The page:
Dow Announces Delay of 2,4-D Corn Production

For Immediate Release:  January 17, 2013
Contact:  Paul Towers, 916-216-1082, ptowers@panna.org

Dow Announces Delay of 2,4-D Corn Production

Oakland, CA – Today, Dow AgroSciences announced that it will delay sale of its new and highly controversial 2,4-D resistant genetically engineered (GE) corn, “Enlist” until the 2014 planting season. Previously hoping to market its product in the 2013 planting season, the company has had to pull back in the face of public opposition and no regulatory decision from USDA.

Instead, Dow will publicize its 2,4-D corn by establishing five new “technology centers” in the Midwest and South and helping to set up over 100 field plots at various seed company and retail locations.

The delay follows a year in which over 400,000 American farmers, doctors and public health professionals and members of farm labor, consumer and sustainable farming groups voiced their concerns with the new seed. Organic and conventional farmers have cited in particular the threat to their crops posed by 2,4-D drift. All broadleaf plants—including soybean, cotton, fruit and vegetable crops—are highly susceptible to damage by even small amounts of 2,4-D.

PAN’s Senior Scientist, Marcia Ishii-Eiteman, noted:

“With this move to plow ahead with field trials of its new hazardous 2,4-D-resistant corn, even before the product has been cleared by our public agencies, Dow is clearly trying to hitch its cart before the horse and guarantee itself a future market.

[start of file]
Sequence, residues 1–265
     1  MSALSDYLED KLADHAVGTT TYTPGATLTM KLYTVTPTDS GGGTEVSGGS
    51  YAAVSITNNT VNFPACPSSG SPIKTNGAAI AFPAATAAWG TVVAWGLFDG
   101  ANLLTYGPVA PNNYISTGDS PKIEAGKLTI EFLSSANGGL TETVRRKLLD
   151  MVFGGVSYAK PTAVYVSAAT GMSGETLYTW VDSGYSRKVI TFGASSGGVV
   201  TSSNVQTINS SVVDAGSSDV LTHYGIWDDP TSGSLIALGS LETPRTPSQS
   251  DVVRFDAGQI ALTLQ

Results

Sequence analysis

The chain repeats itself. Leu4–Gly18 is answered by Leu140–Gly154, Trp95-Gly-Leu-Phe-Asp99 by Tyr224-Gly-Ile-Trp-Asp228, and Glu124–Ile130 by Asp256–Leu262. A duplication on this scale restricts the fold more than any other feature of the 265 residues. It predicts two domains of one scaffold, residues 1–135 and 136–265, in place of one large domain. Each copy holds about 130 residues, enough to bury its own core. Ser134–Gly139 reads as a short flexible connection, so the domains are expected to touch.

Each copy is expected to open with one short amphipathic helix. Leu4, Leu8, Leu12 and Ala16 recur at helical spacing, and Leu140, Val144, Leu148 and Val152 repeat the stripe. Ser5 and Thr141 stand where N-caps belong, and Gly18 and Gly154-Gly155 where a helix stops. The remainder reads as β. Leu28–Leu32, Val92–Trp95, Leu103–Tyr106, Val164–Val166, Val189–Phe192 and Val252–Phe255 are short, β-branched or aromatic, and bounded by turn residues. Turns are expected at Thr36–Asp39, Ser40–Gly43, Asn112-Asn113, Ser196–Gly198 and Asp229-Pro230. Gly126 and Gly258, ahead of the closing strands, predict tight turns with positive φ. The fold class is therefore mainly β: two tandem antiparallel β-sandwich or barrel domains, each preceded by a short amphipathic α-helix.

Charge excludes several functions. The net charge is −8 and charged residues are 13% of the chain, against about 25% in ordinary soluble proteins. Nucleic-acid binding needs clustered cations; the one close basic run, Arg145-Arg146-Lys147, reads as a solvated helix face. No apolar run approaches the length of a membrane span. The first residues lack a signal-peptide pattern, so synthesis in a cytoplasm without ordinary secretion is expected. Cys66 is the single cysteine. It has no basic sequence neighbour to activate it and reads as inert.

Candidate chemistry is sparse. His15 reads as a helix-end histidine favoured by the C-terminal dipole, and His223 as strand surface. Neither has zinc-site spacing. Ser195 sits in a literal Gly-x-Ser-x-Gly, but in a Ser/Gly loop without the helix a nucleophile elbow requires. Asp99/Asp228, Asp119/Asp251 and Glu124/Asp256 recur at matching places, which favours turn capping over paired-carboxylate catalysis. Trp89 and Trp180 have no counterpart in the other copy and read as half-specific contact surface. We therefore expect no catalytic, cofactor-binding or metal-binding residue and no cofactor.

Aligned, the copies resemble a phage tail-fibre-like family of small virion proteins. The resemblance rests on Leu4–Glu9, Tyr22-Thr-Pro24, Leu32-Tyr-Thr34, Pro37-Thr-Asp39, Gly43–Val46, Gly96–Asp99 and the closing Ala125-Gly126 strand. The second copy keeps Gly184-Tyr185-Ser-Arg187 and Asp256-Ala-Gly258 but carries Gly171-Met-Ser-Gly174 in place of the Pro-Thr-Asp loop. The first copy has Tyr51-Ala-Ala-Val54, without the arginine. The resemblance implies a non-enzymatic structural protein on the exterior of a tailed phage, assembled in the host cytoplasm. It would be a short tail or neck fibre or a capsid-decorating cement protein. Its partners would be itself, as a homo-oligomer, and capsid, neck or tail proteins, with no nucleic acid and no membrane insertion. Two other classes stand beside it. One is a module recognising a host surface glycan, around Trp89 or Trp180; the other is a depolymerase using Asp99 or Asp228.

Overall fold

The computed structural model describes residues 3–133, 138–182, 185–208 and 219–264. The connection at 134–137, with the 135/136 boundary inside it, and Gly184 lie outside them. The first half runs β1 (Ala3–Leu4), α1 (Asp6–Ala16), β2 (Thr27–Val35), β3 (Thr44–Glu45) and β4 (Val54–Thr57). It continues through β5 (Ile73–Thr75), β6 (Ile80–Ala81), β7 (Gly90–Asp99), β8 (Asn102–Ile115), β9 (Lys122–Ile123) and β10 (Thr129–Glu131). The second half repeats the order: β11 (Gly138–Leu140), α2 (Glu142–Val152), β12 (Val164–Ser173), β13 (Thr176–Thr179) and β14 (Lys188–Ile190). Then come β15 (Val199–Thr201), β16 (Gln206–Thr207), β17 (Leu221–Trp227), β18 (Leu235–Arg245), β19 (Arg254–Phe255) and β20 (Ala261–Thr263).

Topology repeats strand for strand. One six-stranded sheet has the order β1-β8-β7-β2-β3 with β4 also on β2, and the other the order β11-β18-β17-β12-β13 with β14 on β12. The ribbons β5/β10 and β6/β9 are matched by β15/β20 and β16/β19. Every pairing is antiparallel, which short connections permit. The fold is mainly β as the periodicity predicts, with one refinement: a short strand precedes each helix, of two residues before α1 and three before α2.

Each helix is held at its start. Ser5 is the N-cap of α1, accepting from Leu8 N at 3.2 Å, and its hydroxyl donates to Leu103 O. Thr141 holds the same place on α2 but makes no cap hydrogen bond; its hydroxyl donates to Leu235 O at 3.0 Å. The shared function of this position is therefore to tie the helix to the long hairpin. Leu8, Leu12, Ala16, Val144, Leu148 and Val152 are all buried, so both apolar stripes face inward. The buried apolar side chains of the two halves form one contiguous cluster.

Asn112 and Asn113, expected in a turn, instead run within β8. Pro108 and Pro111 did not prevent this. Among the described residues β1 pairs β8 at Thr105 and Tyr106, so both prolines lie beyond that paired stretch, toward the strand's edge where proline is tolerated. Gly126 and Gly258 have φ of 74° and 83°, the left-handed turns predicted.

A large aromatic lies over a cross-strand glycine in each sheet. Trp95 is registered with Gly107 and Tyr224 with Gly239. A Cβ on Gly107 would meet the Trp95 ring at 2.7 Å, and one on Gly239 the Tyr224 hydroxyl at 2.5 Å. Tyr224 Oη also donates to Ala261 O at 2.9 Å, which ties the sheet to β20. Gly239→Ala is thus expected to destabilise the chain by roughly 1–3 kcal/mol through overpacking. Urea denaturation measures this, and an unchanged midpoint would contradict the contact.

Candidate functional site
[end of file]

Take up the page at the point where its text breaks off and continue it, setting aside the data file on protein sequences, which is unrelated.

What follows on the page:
This is corporate irresponsibility at its worst: Dow is stubbornly and irresponsibly putting its ambitions for future profits over the health and livelihoods of American farmers and rural communities.

Clearly the fierce opposition last year from the American public—including a group of Iowa farmers just last month—has had an effect. USDA has remained unusually silent, and Dow must be getting worried that it might not recoup its expensive investment in this technology.

The irony of Dow's response is evident. Weed resistance to chemical herbicides is one of the biggest problems farmers now face, and that is a direct result of converting so much of our farmland to herbicide-resistant GE crops. We need to get out of this futile chemical arms race fast, and get serious about building our national capacity in sustainable ecological weed management.”